Review: Cherry Tree High Comedy Club (PC)

I’ve got a simple test that will help determine whether or not a hopefully healthy number of you will be interested in playing Cherry Tree High Comedy Club, a title which has been available for some time now but which recently saw a Steam release. Ready? Here we go.

If you enjoyed the Persona series’ third and fourth installments but found yourself wishing that they 1) were four hours long instead of 80 and 2) didn’t have all that pesky fighting in them, then Cherry Tree High Comedy Club is a game you will enjoy very much.

For those who have never indulged in the distinctive delights of the Persona series, though — perhaps because of their extreme length — some further explanation is probably required as to what Cherry Tree High Comedy Club is all about and why, perhaps, you should give it a look.

Cherry Tree High Comedy Club casts you in the role of Miley Verisse, a crazy-haired (“it’s not bedhead!”) teenage girl in her last year at high school. Miley loves comedy, and wants nothing more than to get started on her dream of doing it for a living by forming a comedy club at school. School rules dictate that any new club must have at least five members to get started, however, and as the game opens Miley only has her friend Harriet signed up and ready to rock. Miley’s former friend Octavia, the Queen Bitch head of the student council, issues Miley with an ultimatum — if she doesn’t assemble the required number of people by the end of April, her club is dead in the water.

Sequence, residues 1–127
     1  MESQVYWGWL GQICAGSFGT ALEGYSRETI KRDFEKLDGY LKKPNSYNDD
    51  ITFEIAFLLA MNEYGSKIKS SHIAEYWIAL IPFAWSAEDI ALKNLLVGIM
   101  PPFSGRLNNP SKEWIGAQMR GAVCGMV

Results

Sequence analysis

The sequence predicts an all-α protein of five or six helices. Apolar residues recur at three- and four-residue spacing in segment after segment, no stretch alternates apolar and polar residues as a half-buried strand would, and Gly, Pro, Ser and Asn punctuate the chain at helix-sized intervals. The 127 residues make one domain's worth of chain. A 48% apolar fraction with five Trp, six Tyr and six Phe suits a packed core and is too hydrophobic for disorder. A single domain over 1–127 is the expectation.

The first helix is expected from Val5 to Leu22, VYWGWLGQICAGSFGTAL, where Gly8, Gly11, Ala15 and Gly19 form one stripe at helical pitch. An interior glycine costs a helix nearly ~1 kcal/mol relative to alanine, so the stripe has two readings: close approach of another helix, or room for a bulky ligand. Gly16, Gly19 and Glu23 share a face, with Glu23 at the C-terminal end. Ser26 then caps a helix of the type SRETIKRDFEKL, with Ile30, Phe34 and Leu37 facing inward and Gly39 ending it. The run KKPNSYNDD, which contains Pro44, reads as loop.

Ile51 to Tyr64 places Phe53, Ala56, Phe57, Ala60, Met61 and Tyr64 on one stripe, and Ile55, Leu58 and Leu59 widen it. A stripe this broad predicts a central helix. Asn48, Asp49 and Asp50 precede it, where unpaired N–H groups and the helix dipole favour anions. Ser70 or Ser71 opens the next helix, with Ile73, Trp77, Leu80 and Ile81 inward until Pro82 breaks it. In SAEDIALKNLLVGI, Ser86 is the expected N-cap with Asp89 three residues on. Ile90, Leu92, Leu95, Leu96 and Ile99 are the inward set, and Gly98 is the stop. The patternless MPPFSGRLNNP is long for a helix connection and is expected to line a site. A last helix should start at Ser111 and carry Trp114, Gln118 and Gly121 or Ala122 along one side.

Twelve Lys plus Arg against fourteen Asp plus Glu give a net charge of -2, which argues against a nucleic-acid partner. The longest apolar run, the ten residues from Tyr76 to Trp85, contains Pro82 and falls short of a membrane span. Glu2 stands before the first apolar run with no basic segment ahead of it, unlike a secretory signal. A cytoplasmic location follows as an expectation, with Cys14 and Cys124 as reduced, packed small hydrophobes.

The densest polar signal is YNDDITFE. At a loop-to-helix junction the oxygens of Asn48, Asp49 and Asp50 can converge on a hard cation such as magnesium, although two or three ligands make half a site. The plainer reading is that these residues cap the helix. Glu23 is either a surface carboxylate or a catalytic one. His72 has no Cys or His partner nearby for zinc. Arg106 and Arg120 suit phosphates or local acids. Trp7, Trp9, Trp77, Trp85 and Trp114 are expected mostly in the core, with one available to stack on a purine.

Thus begins a rather low-key but immensely endearing adventure, where you, in the role of Miley, have about a month of in-game time to make some friends and convince them to join your club. Get at least three new recruits by the end of April and Miley’s club gets off to a rocky start, but a start nonetheless. Recruit all of the six available candidates before time’s up and you’ll get the best ending. Simple, right?

The Persona connection is immediately apparent in the way the game plays. Each day is split into three distinct time periods: morning, afternoon and evening on days off; lunchtime, after school and evening on school days. In each period, Miley has time to wander around as many of the in-game locations as she likes, but only has time to either hang out with one person or do one activity that builds up her repertoire of conversational topics. Each of the six candidates have their own likes and dislikes so far as conversational topics go, and the biggest friendship gains come when Miley talks to them about their favorite topic and has spent some time building up her own knowledge of the subject. This process gets progressively easier with each subsequent playthrough, as Miley gets to carry across her knowledge from game to game — as such, in your first playthrough, you’ll pretty much have to prioritize your favorite characters and focus exclusively on them, while in subsequent runthroughs, you’ll be much more likely to be able to make everyone happy.